Putting an end to the FloydFest parking debate

Departing Floyd County Administrator Dan Campbell
Floyd County Administrator Dan Campbell speaks to the Economic Development Authority.
Floyd County Administrator Dan Campbell speaks to the Economic Development Authority.

As my story in Thursday’s Floyd Press details, the long, simmering — and many felt unnecessary — debate over whether or not to retroactively charge FloydFest for use of the Commerce Park for emergency parking last summer may finally be over.

County Administrator Dan Campbell, carrying a message from the board of supervisors to the Economic Development Authority, said any decision to charge for parking was theirs and theirs alone and added an assurance that the EDA would face no repercussions from the board if they decided to let the matter drop.

The board listened to Campbell, as well as FloydFest official Linda DeVito and Oddfellas Cantina owner Kerry Underwood before moving on to the next item on the agenda and taking no action on an earlier reccomendation from the board to charge for use of the Commerce Park.

EDA chairman Jack Russell said members of the EDA would “take time to digest” the issue. The odds of any further action are long.  The actions within the EDA meeting led to cancellation of plans by some to speak on the issue at the Board of Supervisors meeting that followed.

Board Chairman Case Clinger, in a comment to a question from me following the meeting earlier this month when the request went out “by consensus” and without a formal vote, suggested the EDA could be punished if it did not comply.  Clinger now says the remark was “off the cuff” and did not represent any decision of the board.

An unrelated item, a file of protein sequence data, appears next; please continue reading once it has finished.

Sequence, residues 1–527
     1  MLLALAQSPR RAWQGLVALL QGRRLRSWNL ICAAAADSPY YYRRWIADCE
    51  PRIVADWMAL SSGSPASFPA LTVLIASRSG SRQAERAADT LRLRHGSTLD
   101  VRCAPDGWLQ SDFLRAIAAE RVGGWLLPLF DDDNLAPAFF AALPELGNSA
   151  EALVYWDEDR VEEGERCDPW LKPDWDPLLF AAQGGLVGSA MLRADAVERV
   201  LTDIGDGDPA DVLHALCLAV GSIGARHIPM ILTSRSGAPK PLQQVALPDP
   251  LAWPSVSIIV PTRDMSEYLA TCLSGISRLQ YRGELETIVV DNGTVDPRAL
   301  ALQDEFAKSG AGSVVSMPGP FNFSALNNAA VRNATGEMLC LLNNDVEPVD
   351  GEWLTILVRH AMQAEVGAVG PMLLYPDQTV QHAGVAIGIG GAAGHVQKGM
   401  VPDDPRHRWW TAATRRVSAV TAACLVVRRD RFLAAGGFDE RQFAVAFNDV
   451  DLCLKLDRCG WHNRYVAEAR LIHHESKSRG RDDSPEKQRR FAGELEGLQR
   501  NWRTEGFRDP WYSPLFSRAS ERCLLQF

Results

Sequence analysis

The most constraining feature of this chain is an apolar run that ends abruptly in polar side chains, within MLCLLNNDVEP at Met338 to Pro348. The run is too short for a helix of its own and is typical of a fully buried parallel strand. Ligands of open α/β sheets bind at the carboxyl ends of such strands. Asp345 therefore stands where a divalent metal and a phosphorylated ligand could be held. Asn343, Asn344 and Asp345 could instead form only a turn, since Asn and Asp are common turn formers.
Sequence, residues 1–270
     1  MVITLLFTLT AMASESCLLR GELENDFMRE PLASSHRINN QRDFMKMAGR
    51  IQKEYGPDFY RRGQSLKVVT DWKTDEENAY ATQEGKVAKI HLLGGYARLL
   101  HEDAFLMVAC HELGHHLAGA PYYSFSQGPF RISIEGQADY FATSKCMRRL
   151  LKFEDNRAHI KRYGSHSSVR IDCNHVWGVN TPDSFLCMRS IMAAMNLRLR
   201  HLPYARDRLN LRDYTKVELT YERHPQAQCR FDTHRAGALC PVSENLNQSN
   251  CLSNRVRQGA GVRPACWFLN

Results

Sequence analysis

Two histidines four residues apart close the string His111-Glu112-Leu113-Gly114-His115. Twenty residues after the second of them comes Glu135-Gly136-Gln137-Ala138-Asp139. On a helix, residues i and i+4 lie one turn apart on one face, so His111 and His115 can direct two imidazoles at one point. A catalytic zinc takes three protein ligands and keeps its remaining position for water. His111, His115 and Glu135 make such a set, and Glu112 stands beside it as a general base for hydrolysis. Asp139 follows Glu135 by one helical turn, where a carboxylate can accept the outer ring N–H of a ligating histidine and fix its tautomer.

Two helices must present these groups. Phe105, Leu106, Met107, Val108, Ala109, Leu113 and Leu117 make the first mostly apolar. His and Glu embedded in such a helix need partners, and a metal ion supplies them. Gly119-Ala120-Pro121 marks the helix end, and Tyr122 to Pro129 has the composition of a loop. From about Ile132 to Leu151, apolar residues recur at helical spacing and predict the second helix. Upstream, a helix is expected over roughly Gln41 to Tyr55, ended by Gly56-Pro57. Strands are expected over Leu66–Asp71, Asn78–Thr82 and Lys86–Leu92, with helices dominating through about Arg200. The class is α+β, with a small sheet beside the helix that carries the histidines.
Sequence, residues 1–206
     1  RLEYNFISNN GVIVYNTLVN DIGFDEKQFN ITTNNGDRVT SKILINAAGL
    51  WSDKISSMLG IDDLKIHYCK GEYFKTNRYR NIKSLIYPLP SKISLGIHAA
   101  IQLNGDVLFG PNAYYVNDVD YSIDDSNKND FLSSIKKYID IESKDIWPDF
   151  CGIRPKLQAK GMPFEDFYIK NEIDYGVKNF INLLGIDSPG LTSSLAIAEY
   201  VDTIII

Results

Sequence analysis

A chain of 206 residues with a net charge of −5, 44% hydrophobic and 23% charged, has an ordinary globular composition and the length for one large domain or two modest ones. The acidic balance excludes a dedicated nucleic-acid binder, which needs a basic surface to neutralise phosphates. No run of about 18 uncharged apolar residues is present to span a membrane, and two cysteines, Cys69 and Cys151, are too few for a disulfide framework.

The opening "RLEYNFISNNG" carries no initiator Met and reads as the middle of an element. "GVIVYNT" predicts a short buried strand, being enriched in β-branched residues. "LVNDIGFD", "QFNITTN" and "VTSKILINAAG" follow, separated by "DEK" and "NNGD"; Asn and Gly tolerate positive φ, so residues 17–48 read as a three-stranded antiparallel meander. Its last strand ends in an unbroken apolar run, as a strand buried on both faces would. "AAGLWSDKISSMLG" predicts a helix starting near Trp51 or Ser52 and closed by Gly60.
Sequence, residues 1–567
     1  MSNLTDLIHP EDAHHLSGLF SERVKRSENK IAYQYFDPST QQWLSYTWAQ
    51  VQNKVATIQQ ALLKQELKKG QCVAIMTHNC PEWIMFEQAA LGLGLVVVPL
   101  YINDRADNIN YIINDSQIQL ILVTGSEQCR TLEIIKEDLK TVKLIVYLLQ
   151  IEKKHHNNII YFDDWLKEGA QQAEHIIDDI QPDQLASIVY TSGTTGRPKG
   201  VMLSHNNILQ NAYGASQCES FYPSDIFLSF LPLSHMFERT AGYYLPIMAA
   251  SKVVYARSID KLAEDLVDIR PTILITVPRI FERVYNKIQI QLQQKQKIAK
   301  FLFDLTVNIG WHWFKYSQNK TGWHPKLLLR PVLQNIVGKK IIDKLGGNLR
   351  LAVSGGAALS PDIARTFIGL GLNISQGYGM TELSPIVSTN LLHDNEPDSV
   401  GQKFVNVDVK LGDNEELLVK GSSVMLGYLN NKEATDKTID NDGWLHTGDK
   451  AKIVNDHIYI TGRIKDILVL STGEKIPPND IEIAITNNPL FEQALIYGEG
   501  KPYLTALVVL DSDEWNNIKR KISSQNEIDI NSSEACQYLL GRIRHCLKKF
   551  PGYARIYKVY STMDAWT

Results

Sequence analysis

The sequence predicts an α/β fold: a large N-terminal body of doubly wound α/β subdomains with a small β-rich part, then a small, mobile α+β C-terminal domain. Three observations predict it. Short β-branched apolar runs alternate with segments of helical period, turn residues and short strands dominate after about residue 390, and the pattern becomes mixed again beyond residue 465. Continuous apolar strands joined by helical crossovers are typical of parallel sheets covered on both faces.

In posts to Facebook and area blogs, several Floyd County citizens felt the remark went too far.  Clinger says he has received more phone calls supporting his belief that FloydFest should be charged than from those opposing it. The total number of calls overall represented less than one percent of the constituency.

Most of the cars of FloydFest patrons that parked in Floyd after heavy rains forced the event to close its close-in lots,, used the lots of Floyd County High School, the vocational school and the parking lot of Dreaming Creek Timber Frame, which is located in the Commerce Park but which also owns the property where the lot is located.  The number of cars that overflowed to other parts of the Commerce Park was small and any amount the EDA could reasonably charge would be miniscule.

FloydFest did pay the school system more than $17,000 for use of school buses and drivers to provide emergency transportation to the event and the schools made a $9,000 profit.

While the controversy is effectively over within the governmental units, it may continue to sizzle within parts of the community, fueled by those with a personal grudge against the summer festival that has brought national recognition to the area and boosted business heavily for town and county merchants.

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